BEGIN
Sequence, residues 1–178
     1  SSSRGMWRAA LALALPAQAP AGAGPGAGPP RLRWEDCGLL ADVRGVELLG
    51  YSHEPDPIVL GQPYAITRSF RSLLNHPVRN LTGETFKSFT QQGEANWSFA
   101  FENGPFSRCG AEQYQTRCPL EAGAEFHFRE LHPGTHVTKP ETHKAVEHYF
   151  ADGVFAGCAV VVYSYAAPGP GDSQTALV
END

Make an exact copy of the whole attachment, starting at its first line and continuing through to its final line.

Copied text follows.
Sequence, residues 1–178
     1  SSSRGMWRAA LALALPAQAP AGAGPGAGPP RLRWEDCGLL ADVRGVELLG
    51  YSHEPDPIVL GQPYAITRSF RSLLNHPVRN LTGETFKSFT QQGEANWSFA
   101  FENGPFSRCG AEQYQTRCPL EAGAEFHFRE LHPGTHVTKP ETHKAVEHYF
   151  ADGVFAGCAV VVYSYAAPGP GDSQTALV